Shona Reppe is one of the handful of people responsible for Scotland’s notable emergence as a force in British puppetry. Animations first profiled her work five years ago – and we thought it high time we caught up with her. At a meeting organised about six years ago by Simon Hart, to raise the Scots puppeteers’ awareness of the value of UNIMA, the name of Shona Reppe (pronounced Repper, or nearly – a Norwegian family name), kept coming up, as example of a shining new talent.
Shona has indeed done a lot to set the Scottish ball rolling. An ebullient and vivacious personality, she is a producer and performer of original and popular work. After five years interval and the birth of a baby girl two years ago, she is still in demand and working on interesting initiatives.
Her version of Cinderella has become a classic, still touring to many countries, including Japan where it goes down very well, since the Japanese “like little things, and the show is neat and small-scale and well-designed”.
The response to Cinderella has been amazing, and she attributes much of its universal appeal to Ian Cameron, who she chose to direct it for his extraordinary invention and sense of fun. Another creative contributor to its popularity was Gill Robertson of Catherine Wheels Theatre, as choreographer and co-director. She believes this kind of outside eye, a trusted collaborator, is essential to any production. Another constant feature is herself, incorporated as one of the characters, and a variety of puppet types.
While in Canada some three years ago, the two directors of France’s Velo Theatre company, Charlot Lemoine and Tania Lestaing, saw it in a festival, and at the same event Shona saw their Envelopes and Parcels (Envelopes et Deballages), also a classic of the genre. After a couple of years of mutual admiration and recognising their common approach to animated objects in performance, they decided to do a show together.
Meanwhile Shona was producing other work, Tom Thumb and Little Red Hen, working on her own but with technical backup from her drummer partner Tamlin. In early 2006, heavily pregnant, she invited Charlot Lemoine to her home outside Edinburgh and they worked fruitfully on a new show for a week. Daughter Minnie was born in March, after which she went to the Velos’ home outside Apt in the south of France, having secured funding for the new project, to be called Olga Volt – The Electric Fairy. Working in lovely surroundings, where the Velos have a theatre as well as a home, she was able, with Charlot, to focus on the development of the work.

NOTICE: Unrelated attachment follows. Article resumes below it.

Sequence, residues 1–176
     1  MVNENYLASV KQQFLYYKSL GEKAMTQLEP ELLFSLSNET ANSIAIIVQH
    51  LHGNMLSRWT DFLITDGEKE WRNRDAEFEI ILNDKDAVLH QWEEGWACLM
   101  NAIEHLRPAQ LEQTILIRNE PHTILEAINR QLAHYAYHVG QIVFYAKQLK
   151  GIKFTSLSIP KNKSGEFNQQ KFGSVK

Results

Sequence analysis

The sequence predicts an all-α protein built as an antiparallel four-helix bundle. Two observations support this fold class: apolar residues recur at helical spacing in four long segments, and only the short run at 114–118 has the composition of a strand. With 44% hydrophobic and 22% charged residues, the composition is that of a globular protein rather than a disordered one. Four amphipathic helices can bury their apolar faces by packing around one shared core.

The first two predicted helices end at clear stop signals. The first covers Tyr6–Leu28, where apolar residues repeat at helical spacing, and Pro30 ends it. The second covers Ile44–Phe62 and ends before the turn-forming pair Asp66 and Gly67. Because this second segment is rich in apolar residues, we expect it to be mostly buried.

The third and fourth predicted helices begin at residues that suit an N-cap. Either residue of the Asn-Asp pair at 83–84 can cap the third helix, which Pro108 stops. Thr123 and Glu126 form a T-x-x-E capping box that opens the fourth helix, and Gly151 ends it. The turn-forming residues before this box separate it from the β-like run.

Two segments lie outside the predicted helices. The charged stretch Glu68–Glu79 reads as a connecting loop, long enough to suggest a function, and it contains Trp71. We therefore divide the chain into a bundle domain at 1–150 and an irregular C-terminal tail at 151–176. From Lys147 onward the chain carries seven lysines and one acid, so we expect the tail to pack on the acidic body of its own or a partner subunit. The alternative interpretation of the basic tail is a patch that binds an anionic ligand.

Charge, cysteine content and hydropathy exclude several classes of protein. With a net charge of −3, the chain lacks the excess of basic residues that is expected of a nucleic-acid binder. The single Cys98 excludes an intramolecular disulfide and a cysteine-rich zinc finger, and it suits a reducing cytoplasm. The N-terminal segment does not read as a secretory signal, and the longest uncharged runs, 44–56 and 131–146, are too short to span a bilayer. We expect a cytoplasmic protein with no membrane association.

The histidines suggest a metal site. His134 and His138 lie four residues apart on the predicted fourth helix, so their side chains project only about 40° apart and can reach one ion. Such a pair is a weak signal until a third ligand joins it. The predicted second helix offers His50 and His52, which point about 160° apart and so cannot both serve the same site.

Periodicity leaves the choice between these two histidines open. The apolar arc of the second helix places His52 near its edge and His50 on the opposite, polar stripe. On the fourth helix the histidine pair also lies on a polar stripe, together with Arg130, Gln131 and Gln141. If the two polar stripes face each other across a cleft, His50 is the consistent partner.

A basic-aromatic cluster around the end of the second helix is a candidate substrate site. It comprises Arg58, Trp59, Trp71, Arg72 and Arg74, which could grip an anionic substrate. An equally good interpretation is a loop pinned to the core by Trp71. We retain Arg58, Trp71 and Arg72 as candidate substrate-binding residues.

The Scottish Arts Council, says Shona, shows a rare understanding of the particular needs of puppeteers, especially in the making of a new production, which demands more time to build and to rehearse than a show with human actors. A small company needs to cease touring and performing – since the puppets can’t do it on their own - in order properly to concentrate on the new work, but without income generation, the financial problems can be overwhelming. Both the show on tour and the projected show suffer. In this as in so many other concerns, puppetry has specific needs.
Olga Volt is different in style from Cinderella and indeed from all Shona’s other shows. It toured Scotland last year in Hart’s Puppet Animation Festival and met with success. It is, she says, “very visual” although with more text than is usual for her shows. As always Shona herself features as a character (she is the Fairy Godmother in Cinderella). It’s about electricity and in particular the family of Olga Volt. Olga is an electric fairy married to Fernando Watt, both circus travellers. Her great-great-great-great grandmother was a falling star whose energy has been passed down the generations. Olga uses it in her circus act, but her efforts usually go wrong, and the bloopers are used to drive the story forward.
Shona is home from France now (summer 2008), working on her next production, which is conceived for the very young. This time her out-front collaborator is Andy Manley. The show’s working title is Potato Needs a Bath. In spite of that it’s developing well, and the auguries for its success are extremely good!
> For further information see www.shonareppepuppets.co.uk